Target faces possible class action lawsuit started by Tampa Bay couple

Former Target employee says retailer mishandled continuation of health care after he was terminated.
Shoppers come and go from a Target store in the Shoppes at Park Place, Pinellas Park. A former employee of an area store is pursuing a class action lawsuit against the retailer.  [SCOTT KEELER   |   Times]
Shoppers come and go from a Target store in the Shoppes at Park Place, Pinellas Park. A former employee of an area store is pursuing a class action lawsuit against the retailer. [SCOTT KEELER | Times]
Published May 28

A Palm Harbor couple is pursuing a class-action lawsuit against Target, accusing the retailer of breaking federal laws that regulate employee benefits.

Shawn Rigney, 31, worked for Target until September of 2018. Rigney and his partner, Kyle Adams, 29, were covered by Target's health insurance. The notices Target sent to the men about the option to continue their health care following Rigney's termination lacked critical information that left them unable to retain coverage, according to the lawsuit.

"Not only did (Rigney and Adams) lose their insurance coverage," the lawsuit says, "during that time they incurred medical bills resulting in further economic injury."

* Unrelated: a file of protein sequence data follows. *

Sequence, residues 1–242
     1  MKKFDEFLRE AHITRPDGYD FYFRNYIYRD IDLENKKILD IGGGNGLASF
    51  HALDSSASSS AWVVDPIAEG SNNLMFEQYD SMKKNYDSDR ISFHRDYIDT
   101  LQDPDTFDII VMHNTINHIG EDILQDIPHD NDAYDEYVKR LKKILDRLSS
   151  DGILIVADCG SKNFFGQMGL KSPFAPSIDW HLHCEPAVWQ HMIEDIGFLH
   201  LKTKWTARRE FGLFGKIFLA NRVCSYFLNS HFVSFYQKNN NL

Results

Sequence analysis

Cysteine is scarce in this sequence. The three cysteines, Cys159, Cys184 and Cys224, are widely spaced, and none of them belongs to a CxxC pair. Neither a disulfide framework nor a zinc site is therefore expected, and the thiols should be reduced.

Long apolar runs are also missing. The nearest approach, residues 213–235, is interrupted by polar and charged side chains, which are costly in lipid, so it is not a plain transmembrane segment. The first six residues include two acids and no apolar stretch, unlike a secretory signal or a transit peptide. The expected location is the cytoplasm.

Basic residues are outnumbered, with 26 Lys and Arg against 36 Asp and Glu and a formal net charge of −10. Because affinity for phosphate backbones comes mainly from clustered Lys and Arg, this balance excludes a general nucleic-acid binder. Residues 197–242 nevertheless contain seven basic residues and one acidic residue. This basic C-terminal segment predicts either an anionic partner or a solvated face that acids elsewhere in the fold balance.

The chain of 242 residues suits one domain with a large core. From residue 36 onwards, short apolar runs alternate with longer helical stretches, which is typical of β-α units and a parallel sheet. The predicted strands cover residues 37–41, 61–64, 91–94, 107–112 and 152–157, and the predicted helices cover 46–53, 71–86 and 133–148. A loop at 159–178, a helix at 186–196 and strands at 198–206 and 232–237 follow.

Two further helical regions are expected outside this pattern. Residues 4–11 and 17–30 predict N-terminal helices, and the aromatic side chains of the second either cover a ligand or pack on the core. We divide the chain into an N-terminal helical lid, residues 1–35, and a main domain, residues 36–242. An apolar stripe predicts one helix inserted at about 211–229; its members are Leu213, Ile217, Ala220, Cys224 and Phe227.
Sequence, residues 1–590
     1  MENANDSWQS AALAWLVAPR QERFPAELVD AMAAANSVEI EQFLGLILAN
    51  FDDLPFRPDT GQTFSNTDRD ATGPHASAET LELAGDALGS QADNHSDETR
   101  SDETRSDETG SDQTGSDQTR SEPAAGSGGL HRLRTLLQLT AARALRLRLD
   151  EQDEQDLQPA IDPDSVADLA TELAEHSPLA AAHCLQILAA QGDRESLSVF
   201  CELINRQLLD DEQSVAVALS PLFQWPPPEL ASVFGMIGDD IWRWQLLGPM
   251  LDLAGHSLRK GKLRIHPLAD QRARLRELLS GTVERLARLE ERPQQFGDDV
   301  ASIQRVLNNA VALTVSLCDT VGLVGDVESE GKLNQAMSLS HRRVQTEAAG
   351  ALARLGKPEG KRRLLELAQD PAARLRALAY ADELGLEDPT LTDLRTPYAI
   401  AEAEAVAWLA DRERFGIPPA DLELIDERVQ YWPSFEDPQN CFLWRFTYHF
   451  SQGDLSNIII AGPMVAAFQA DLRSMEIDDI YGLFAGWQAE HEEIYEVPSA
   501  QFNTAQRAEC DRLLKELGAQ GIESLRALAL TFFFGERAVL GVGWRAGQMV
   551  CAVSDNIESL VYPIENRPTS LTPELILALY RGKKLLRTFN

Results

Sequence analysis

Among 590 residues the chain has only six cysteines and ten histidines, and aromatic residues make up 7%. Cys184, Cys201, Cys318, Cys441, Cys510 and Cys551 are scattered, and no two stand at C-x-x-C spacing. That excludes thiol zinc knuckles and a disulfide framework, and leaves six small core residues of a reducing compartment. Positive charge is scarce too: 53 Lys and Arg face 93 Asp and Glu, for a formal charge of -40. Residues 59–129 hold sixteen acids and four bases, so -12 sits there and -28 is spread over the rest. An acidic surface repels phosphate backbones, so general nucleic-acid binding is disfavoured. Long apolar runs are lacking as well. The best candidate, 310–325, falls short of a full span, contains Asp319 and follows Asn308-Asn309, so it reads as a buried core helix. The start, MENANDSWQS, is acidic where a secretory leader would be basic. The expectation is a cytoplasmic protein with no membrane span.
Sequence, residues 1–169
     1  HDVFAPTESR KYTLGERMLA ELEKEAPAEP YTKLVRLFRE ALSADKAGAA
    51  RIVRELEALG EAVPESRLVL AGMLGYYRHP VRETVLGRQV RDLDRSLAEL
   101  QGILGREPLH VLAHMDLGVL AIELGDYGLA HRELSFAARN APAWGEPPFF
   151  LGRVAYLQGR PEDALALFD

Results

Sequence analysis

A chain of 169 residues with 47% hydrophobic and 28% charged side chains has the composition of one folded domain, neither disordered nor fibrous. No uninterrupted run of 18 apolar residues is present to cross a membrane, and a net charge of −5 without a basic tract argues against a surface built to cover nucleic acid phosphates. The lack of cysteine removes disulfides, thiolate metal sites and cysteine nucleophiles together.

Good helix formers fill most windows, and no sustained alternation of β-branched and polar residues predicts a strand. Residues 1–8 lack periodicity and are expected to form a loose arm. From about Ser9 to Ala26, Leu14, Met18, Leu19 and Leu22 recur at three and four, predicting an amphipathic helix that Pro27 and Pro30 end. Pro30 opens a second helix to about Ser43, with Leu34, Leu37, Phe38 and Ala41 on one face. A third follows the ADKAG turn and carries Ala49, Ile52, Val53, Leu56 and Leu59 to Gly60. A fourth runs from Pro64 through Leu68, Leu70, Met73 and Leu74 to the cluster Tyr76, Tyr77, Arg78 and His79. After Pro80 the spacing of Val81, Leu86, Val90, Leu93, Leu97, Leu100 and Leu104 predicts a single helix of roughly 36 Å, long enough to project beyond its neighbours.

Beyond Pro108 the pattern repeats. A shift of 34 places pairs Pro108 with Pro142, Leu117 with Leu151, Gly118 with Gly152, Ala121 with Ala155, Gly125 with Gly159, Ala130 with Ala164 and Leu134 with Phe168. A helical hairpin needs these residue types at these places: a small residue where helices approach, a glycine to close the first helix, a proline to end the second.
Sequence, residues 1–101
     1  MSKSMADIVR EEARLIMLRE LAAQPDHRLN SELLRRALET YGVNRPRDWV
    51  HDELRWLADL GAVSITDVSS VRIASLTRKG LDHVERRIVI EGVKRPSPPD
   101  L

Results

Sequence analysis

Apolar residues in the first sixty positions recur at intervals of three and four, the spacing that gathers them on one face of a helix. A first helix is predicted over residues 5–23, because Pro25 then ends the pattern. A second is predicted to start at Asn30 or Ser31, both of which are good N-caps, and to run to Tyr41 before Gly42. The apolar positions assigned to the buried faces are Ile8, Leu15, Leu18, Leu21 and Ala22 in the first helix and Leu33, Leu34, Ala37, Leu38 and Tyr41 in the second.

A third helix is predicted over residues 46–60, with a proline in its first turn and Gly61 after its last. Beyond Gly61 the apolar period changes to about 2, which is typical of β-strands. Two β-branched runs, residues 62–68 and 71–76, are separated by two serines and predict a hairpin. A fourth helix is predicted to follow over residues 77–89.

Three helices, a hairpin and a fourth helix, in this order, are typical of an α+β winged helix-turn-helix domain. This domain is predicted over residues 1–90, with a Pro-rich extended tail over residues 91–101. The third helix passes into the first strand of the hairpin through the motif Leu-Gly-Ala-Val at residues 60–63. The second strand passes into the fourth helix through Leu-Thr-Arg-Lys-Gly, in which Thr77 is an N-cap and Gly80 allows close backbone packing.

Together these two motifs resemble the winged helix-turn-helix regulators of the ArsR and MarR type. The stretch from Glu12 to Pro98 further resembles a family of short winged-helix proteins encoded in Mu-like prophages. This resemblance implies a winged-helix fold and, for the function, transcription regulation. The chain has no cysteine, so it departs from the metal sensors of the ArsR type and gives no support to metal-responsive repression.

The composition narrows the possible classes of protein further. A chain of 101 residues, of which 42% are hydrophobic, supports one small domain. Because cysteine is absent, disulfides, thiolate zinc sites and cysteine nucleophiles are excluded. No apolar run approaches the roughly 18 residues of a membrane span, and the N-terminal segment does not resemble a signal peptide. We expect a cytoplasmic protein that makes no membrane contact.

Rather than give clear instructions, Target sent part of the legally required information in a "piece-meal fashion" over more than one piece of mail, according to the case filed on May 15.

By law, an employer that provided health benefits is required to send a COBRA — Consolidated Omnibus Budget Reconciliation Act — notice to inform former workers of their rights to continue their health care coverage.

"Notice is of enormous importance," the lawsuit says. "The COBRA notification requirement exists because employees are not expected to know instinctively of their right to continue their healthcare coverage."

The lawsuit accuses Target of breaking the law because its notice did not explain how to enroll or who contact, or have an address to mail payments. Nor did Target explain what would happen if payments were made late.

Ultimately the lawsuit argues Target's notice left the couple unable to make an informed decision about health coverage. It also says Rigney was left to pay out of pocket to see doctors for an injury he sustained while at work for Target. He now works as a Tampa Bay real estate agent.

It is unclear what job Rigney held and at which area store, though the case is filed in Hillsborough County Circuit Court.

Rigney declined to comment. Target did not immediately respond to a request for comment.

If Rigney and Adams' case is certified as a class-action lawsuit, other former employees who received the same type of notification would be able to join the complaint.

Contact Sara DiNatale at sdinatale@tampabay.com. Follow @sara_dinatale.

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